A colorful, Top Quality Carcharodon hastalis tooth from the Ica region of Peru. An incredible tan, brown and blue colored crown and a brown root. Fantastic color! Sharp cutting edges. Excellent definition and preservation. An excellent upper jaw anterior tooth. No repair. Authenticity guaranteed. An excellent colorful collector's Mako tooth.
This catalog contains exceptional teeth from the big-tooth Mako shark - Isurus hastalis. The upper jaw teeth are noted for their well defined triangular crown and broad roots (upper jaw) while the lower jaw teeth exhibit slender crowns - all without serrations. Complete lower jaw teeth are hard to find since they are much more fragile. Miocene age (14-6 million years ago). Collected in the Ica area. Top quality Peruian I. hastalis teeth are always tough to find! You can not beat the best quality Peruvian Isurus teeth. These Peruvian Makos are essentially impossible to find any more. There are some incredible colorful gems in this group. Our best ever group top quality collector's Peruvian Mako teeth! Note - No new supply available for 10+ years.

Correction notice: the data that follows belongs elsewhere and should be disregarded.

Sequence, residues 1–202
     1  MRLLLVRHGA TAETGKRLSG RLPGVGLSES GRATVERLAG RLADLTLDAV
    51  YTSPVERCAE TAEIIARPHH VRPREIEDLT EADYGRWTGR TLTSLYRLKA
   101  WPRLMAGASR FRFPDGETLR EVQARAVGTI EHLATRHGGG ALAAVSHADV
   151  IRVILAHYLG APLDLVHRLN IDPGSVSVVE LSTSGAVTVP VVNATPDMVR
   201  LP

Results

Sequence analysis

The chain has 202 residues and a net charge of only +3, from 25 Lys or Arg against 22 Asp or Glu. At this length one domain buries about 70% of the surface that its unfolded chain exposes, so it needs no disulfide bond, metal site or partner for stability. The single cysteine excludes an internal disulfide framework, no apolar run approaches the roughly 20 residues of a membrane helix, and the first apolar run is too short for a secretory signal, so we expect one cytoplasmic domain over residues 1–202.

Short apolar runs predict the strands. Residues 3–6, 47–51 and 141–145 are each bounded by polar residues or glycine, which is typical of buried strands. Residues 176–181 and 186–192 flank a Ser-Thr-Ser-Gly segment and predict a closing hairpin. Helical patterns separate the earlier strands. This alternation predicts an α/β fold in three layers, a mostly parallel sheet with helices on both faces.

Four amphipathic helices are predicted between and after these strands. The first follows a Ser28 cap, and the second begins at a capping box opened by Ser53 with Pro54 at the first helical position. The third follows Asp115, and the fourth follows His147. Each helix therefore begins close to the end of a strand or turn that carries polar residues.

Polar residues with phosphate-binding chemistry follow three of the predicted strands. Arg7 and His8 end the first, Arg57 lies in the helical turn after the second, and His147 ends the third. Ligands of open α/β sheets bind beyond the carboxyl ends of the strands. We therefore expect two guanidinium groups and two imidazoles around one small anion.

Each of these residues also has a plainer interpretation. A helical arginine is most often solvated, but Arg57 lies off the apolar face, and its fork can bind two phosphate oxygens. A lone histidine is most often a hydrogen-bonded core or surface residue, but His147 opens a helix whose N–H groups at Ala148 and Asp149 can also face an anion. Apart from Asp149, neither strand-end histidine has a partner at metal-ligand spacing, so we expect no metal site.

What’s in a name? For the fifty years, Isurus hastalis was known to me and others as the Big-tooth Mako shark tooth that collectors sought from Miocene – Pliocene deposits. Everyone wanted to find a big Mako tooth. In 2001, Purdy (Smithsonsian) resurrected Isurus xiphodon for the broad-form Mako teeth at Lee Creek. It made sense, but now it is not considered a valid species. In 1964, Glikman proposed the Cosmopolitodus genus for the "hastalis" shark as Isurus hastalis was related to the Great White shark rather than the Mako. This convention was not adopted in the scientific community until the last decade; particularly with the naming of the Carcharodon hubbelli, the Great White transition tooth (late Miocene). There is also a push to rename the genus of the shark formerly known as Isurus hastalis to Carcharodon hastalis recognizing that it is an early form of the Great White shark. Ok, Isurus hastalis and Isurus xiphodon names going away, but the future genus name for "hastlis" appears to be unsettled. What do we call this shark if it is not a Mako? More to come in my Blog article.